The Condemned Playground: Essays: 1927-1944

By Cyril Connolly | Go to book overview

I
THE POSITION OF JOYCE

JAMES JOYCE HAS BROUGHT OUT A NEW BOOK. IT IS A fragment of a longer one, and is called Anna Livia Plurabelle. We are used to the reputations of authors fluctuating from year to year, but Mr. Joyce's also fluctuates from place to place. He is resented in Ireland, neglected in England, admired by a set in America, and idolized by another in France. In every nation there is a general public and a literary public. In Ireland the general public is provincial and priest-ridden. It cannot forgive Joyce his blasphemy nor his contemptuous parodies of Irish jingoism. The other, the smaller public, has chosen escape in a romantic return to the past, characterized by a special lyric note of easy and indefinable melancholy born of self-pity. Joyce is a realist, and out of touch intellectually with that generation. "Michael Roberts remembers forgotten beauty. He presses in his arms the loveliness which has long faded from the world. I desire to press in my arms the loveliness which has not yet come into the world." Thus Joyce's only disciples in Ireland are the young realists of the postrebellion period. In England the literary public is governed by good taste. Cautious as the cenotaph, the critics decide the value of a book in terms of "delicious" and "charming." The general public is equally conservative, and the fate of a book like Ulysses (so hopelessly unpresentable when submitted to the Chelsea canon) is decided in advance. It is in America, where there is a large and less sophisticated general public, and in Paris, where there are a great many young writers anxious to experiment in literary form, that the "Ulysses generation" has grown up.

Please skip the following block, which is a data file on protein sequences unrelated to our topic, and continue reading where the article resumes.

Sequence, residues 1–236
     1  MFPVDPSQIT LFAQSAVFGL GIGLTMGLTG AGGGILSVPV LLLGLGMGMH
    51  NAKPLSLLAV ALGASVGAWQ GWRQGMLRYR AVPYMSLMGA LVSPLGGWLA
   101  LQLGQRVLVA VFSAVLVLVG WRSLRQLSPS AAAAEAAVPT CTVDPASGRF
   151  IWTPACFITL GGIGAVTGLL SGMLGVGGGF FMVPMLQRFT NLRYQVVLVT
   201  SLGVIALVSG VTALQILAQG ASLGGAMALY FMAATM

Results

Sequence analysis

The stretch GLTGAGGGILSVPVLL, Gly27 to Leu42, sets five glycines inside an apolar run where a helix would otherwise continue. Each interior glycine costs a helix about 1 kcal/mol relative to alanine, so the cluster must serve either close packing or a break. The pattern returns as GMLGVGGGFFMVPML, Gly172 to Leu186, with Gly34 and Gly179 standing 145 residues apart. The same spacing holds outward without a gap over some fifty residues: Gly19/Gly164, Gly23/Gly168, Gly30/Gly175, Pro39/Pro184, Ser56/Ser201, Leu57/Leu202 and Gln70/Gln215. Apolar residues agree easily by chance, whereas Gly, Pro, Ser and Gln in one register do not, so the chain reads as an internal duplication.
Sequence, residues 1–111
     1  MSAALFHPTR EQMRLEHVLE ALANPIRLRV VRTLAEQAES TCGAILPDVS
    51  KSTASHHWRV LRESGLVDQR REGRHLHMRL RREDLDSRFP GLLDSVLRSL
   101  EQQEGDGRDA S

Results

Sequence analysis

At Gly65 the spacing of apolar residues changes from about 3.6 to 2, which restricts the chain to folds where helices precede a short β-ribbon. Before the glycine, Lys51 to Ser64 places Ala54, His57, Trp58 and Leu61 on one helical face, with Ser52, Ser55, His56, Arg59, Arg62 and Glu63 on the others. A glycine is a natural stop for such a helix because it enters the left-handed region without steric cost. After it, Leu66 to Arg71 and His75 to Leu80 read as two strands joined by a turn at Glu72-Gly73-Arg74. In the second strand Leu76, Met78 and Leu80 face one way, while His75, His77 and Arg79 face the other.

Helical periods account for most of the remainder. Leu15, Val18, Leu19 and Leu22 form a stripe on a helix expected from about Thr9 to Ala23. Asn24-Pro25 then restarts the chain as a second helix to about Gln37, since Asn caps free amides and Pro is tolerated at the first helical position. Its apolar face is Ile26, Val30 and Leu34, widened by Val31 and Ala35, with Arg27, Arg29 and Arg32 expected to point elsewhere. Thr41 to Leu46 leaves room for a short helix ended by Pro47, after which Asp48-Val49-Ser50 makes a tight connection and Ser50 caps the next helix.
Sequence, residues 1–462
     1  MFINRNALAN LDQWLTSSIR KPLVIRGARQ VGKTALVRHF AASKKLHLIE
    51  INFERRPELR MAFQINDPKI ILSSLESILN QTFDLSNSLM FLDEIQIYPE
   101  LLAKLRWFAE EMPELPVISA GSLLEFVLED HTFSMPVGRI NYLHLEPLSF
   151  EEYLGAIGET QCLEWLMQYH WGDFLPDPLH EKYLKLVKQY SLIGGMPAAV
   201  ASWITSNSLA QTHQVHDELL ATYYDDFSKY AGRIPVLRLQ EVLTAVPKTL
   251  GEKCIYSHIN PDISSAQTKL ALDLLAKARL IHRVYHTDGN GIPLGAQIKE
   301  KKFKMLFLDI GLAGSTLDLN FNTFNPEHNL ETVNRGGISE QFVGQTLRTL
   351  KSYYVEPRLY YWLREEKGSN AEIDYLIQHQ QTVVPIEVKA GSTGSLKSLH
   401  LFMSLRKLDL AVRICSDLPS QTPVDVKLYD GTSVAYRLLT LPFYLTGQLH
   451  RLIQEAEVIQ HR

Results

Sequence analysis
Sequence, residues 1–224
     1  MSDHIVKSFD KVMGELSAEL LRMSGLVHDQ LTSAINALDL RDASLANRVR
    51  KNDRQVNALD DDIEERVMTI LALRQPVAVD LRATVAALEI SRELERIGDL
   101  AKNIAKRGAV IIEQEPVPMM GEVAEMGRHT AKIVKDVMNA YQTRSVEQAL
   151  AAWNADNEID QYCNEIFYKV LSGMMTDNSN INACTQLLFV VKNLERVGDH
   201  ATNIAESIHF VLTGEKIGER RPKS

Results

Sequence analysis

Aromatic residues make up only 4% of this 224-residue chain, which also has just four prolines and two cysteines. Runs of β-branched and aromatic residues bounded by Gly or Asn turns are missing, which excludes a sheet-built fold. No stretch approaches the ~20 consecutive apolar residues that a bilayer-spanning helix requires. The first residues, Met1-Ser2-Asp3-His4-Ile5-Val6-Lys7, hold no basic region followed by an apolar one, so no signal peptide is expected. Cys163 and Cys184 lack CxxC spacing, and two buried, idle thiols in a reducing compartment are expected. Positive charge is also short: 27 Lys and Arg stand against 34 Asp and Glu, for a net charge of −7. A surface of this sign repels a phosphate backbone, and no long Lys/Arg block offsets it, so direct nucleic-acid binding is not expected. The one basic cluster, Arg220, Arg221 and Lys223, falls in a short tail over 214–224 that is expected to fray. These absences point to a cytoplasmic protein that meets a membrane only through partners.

Mr. Forster, in his lectures on the novel, states perfectly the English attitude to Joyce, the bad bogy-man of letters. Ulysses," he writes, "is a dogged attempt to cover the universe with mud, an inverted Victorianism, an attempt to make coarseness and dirt succeed where sweetness and light failed, a simplification of the human character in the interests of

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The Condemned Playground: Essays: 1927-1944
Table of contents

Table of contents

  • Title Page v
  • Contents ix
  • Introduction xi
  • I - The Position of Joyce 1
  • II - Ninety Years Of Novel-Reviewing 90
  • III - Spring Revolution 174
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